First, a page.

When I asked ChatGPT to plan my holiday in Mallorca (pronounced muh-YOR-kuh) I didn’t know what to expect. But given that I told the chatbot to focus on the Mediterranean island’s history, culture, architecture, and art, I wasn’t entirely surprised with the results.
First on the list (even though it ended up being the last place I saw before I caught my quick flight back home to Barcelona) was the Museum of Mallorca. After all the other visits I’d made on the island, which were either full of tourists or fidgety kids on school tours, there was something eerie and peaceful about being the first person there when it opened and having the entire space to myself.
The museum is housed in a beautiful and historic former Palau Aiamans, which features a mix of architectural styles including Gothic, Renaissance, and Baroque. Just as diverse is the museum’s art collection. It spans over a thousand years of fine and decorative art on the island, starting at the time of the Catalan conquest in 1229 and ending at the Spanish Civil War of 1936-1939.
The first floor (which is where the palace bedrooms and reception rooms were located) begins with the Gothic movement, which emerged in Northern France during the mid-12th century before it eventually spread throughout Europe and became the dominant artistic style until the early 15th century. Gothic art in Spain initially arrived in Catalonia and Aragon, where it combined with local Romanesque traditions and flourished from the 13th to the 15th centuries. As the movement evolved, it developed regional characteristics and distinctions of its own.
Indeed, it was the brief but complex history of the island as an independent kingdom marked by violence and upheaval that produced some of its most original, beautiful, and remarkable heritage. During this period, traditional pieces were imported from the mainland, works in the Gothic style were purchased from French and Italian workshops, and the arts became an essential element for reflecting the cohesiveness of the kingdom while representing the new times.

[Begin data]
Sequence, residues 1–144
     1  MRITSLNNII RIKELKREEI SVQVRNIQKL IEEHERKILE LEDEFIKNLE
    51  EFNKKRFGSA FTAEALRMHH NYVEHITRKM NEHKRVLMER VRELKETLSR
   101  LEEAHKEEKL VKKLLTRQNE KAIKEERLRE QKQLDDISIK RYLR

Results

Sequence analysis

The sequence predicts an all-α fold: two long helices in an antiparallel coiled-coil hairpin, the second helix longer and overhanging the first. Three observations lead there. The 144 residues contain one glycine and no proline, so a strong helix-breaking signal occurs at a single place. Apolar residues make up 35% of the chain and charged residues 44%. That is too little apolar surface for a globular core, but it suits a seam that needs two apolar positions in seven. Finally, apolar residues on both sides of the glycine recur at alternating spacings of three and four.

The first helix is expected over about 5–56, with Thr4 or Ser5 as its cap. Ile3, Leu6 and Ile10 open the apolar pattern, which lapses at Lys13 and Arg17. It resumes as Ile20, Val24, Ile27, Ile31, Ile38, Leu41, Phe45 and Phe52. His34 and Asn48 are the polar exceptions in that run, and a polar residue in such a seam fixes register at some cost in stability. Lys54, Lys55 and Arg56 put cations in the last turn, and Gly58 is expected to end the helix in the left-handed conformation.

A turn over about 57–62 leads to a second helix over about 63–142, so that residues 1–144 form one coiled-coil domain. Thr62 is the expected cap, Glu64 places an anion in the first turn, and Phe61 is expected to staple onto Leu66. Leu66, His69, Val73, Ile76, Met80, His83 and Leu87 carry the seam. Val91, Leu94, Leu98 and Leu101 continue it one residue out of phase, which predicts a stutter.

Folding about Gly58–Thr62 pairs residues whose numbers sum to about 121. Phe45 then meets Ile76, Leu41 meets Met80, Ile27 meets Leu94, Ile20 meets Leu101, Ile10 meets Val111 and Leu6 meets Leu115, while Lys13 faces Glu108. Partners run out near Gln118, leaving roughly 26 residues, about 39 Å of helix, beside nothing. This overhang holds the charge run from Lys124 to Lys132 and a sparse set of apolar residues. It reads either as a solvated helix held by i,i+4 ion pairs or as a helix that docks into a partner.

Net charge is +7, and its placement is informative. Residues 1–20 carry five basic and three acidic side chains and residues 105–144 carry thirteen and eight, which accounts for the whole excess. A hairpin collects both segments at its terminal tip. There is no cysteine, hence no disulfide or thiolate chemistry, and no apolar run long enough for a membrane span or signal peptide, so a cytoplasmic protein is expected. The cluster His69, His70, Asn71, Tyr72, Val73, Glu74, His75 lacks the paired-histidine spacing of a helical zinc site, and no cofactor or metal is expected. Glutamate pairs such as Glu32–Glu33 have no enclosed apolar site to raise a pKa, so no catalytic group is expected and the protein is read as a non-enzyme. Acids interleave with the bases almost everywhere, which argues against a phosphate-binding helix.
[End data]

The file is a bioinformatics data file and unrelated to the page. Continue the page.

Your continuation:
Spanish Gothic art was characterised by its intricate ornamentation and increased emphasis on naturalism in painting and sculpture. This can be seen in the works of Pere Niçard, who was active in the 14th century. Although little is known about his life, he is considered one of the most significant artists of his time in the Balearic Islands. His work is characterised by a vivid colour palette, intricate detailing, and expressive figures that reveal a strong influence from the Sienese school of painting. Among his most notable works is the Saint Eulalia Altarpiece, which showcases his mastery of composition and storytelling.
Another key figure at this time was Rafael Mojer. Again, little is known about his life besides the fact that he contributed to the development of the island’s artistic scene during the early 15th century. His style combines elements of international Gothic with local influences. The result is a harmonious blend of delicate figures, rich colour palettes, and elegant compositions. One of his most important works is the Saint Jerome Altarpiece. It not only exemplifies his skilful handling of narrative and spatial organisation but also highlights the interconnectedness between Mallorca and mainland Spain, as well as the broader European artistic context during the late Gothic period.
At the start of the 16th century, tastes changed and the formal approaches of the Renaissance arrived in Mallorca. Artists from elsewhere were contracted and works were acquired to meet the demand of particular circles and clients, with the classical style being introduced in altarpieces and in the decorative features of architecture. The first sixty years of the century saw people’s preferences swing between the old and the new style, which came mainly from Italy and generally via Valencia, a city on which Mallorca was heavily dependent for trade.
Indeed, the arts in the first half of the 17th century were to a large extent indebted to Renaissance culture. This was partly due to the fact that the same artists were still producing works and partly because clients’ outlooks and tastes remained unchanged. That’s why grand residences were decorated with artworks of a religious nature inspired by Biblical and moral themes, to which an extensive new range of secular subjects was added.